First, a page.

Friday, February 5, 2016

Sabbaticals: Developing a How to Resource (in progress)

Can we learn how to use the "pause" button on ministry?
Part of my Regional Ministry work is serving as a resource for church leaders and clergy.  Over the past few months, I have fielded requests from pastors and congregations about sabbaticals.  Some pastors call in the midst of a season of ministry, aware that they are in need of replenishment and reflection.  Others are starting to talk with churches about a new call and want some advice about how to set up a sabbatical.
For my home team (aka "the Baptists"), sabbaticals are a newer concept.  As we are not a tradition that provides standards that must be adhered to when setting up a pastoral call, the local church, especially its search committee and key lay leaders, often feel in unfamiliar territory considering such a request.

I am working on a resource based on the various conversations and my own reading of what's out there for "best practices".   Below is a summary of the rationale for a sabbatical as a healthy part of a minister's calling and its aiding of the longevity of a pastor/congregational relationship.  It is a work in progress, but I thought I would share a few thoughts for your comments.  You can leave your suggestions and queries in the "comment" box below.


Sabbath keeping is often the most difficult part of pastoral ministry, yet taking time away from ministry is modeled by Jesus who often withdrew for times of prayer even in the midst of the demands of his own preaching, healing and teaching.  Taking time away routinely on a weekly and annual basis helps deepen our ministry by allowing us to step away and spend time for rest, renewal and retooling ourselves as pastors and members of our own household.
The best “ABCUSA” related resource about sabbatical planning is offered by the ABCUSA Ministers Council.  You can read their policy framework suggestions via:
In terms of negotiating the sabbatical understanding with a candidate, some suggested talking points:

1)            All parties (including the congregation!) understand that sabbaticals are not frivolous or “extra vacation”.  Sabbaticals are a time of rest, renewal and professional development, hopefully with a project/outcome in mind to help hone and build the pastor’s skills while she or he is away from the rigors of ministry.
2)            Quantifying the number of years served until a sabbatical is earned is helpful to determine sooner than later.  Traditionally (if Baptists can ever be “traditional”), the sabbatical could come for a longer period of several months after six full years of service.  Some find it helpful to offer a sabbatical every few years (3-4 years) with the time being a little shorter due to more frequency.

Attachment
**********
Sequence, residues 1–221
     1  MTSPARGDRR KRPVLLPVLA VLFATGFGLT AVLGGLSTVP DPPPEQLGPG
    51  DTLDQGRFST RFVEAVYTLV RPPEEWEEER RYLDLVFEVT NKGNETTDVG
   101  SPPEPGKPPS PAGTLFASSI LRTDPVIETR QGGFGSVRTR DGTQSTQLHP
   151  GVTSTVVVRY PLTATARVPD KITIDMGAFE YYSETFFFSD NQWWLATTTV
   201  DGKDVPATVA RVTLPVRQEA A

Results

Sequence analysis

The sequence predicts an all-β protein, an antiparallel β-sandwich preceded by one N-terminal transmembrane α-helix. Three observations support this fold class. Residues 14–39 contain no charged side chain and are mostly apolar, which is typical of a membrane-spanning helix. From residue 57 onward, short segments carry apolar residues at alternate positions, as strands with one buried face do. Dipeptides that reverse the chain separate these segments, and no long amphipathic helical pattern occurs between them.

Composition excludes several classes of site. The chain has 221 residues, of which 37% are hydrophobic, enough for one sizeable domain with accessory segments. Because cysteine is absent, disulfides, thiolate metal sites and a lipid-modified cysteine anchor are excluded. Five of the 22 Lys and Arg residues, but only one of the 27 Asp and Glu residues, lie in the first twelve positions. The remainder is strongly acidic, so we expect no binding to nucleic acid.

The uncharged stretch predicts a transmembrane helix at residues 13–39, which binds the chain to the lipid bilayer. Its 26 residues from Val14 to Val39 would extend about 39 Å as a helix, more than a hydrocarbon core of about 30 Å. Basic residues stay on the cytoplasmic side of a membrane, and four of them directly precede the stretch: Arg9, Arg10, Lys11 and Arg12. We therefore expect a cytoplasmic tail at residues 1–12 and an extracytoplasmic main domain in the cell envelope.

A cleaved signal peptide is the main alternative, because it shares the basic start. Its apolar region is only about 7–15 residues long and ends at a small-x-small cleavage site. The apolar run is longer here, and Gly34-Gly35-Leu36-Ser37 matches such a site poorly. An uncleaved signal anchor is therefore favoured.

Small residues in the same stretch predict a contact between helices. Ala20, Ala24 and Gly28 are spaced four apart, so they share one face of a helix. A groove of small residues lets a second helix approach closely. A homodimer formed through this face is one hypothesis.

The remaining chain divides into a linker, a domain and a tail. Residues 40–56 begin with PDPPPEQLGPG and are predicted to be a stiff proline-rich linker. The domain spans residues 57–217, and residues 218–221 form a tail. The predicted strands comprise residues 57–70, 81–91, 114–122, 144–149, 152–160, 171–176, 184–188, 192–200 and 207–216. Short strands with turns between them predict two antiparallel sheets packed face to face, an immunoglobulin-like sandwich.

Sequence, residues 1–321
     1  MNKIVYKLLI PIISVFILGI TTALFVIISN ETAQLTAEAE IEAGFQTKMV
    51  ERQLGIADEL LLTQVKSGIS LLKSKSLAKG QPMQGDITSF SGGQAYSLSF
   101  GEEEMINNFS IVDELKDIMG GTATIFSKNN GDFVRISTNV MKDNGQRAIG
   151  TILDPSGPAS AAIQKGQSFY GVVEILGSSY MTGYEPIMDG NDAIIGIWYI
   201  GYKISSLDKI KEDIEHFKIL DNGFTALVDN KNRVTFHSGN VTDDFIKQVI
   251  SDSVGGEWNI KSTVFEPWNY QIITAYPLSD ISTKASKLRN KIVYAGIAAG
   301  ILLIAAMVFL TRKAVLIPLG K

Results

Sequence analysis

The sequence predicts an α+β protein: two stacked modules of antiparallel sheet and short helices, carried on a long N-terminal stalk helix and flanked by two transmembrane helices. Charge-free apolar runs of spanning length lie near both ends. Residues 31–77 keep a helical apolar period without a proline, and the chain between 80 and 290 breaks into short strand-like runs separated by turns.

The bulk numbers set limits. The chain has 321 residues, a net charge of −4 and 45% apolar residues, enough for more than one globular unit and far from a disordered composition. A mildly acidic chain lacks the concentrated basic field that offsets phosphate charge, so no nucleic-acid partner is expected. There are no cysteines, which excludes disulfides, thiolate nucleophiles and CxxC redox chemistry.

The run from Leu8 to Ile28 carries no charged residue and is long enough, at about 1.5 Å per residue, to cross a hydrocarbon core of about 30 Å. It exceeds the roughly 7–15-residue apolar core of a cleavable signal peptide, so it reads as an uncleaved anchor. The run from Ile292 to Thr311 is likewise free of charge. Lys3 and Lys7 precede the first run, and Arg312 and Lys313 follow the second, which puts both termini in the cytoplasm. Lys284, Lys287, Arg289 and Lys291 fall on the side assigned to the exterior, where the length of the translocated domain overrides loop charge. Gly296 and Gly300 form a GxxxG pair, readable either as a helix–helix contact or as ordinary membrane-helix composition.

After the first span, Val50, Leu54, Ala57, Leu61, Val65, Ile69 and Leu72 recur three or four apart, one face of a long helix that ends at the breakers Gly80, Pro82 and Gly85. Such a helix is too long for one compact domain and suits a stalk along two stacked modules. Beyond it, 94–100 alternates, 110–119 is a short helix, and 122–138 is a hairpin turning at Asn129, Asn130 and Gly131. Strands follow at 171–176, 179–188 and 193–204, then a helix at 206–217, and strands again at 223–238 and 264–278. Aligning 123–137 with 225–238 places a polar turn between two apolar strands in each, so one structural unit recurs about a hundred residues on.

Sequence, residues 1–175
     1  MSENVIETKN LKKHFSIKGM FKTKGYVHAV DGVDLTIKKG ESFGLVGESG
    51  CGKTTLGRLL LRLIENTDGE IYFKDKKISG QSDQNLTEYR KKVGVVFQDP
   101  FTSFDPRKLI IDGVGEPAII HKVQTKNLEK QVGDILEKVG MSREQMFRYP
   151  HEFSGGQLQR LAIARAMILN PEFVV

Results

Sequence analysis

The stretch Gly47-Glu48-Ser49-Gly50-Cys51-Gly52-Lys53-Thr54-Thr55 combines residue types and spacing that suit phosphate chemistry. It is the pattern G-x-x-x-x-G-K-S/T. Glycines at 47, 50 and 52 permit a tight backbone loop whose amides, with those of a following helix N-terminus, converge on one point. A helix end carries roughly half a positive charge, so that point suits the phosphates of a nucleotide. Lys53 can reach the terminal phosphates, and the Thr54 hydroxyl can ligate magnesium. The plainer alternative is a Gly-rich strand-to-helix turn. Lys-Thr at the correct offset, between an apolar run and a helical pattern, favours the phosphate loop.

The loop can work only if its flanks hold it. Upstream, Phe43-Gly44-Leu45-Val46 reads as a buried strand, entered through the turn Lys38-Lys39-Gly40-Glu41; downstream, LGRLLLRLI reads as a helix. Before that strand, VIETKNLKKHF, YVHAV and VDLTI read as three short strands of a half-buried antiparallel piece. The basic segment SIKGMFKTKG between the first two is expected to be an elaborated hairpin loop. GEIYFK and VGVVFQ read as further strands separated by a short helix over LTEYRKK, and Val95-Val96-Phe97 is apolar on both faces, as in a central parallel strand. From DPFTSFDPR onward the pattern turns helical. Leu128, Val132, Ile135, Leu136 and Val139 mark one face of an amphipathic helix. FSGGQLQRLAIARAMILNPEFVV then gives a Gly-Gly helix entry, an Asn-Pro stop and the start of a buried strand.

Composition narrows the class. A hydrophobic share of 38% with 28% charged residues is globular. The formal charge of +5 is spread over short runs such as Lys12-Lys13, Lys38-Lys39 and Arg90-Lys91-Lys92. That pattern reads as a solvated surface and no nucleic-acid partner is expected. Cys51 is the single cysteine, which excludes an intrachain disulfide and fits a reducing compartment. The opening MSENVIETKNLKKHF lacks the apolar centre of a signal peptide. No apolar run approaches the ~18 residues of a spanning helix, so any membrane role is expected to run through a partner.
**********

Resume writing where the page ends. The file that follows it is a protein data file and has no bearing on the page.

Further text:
3)            Determining the sabbatical’s details when you are one year out from the period of time to be given is helpful.  Working out what the church will do to relieve fully the minister from any official duties is just as important as ensuring the minister has some structured understanding of how to use the time wisely. 

4)            Some pastors and congregations apply for and access funding from various sources to help with doing a bigger type of sabbatical.  These may or may not be available, given when special incentives are offered by denominations or entities like the Lilly Foundation.  The church should be prepared to carry the pastor at full compensation, benefits, and suspend things that the pastor should not be needing to claim for ministry expenses (i.e. reimbursement for mileage, as they shouldn’t be doing pastoral care/travel related to parish needs).  Some grants are out there, if you are so lucky, to have funds additional to cover the time for a “sabbatical pastor” to tend to the preaching, care, etc. during the pastor’s time away.  Some churches may choose to have individuals take different aspects of this work (i.e. somebody to preach only with pastoral care handled by the congregants, etc., etc.).
5)            The other typical provision is the minister agrees to return from sabbatical and not have used the time to look for other calls.  The minister should be ready to stay one year at minimum beyond the end date of a sabbatical.
(NOTE:  The rest of the resource I am developing will look at the funding opportunities for ABC clergy and different venues, particularly of interest to pastors serving in upstate New York.)

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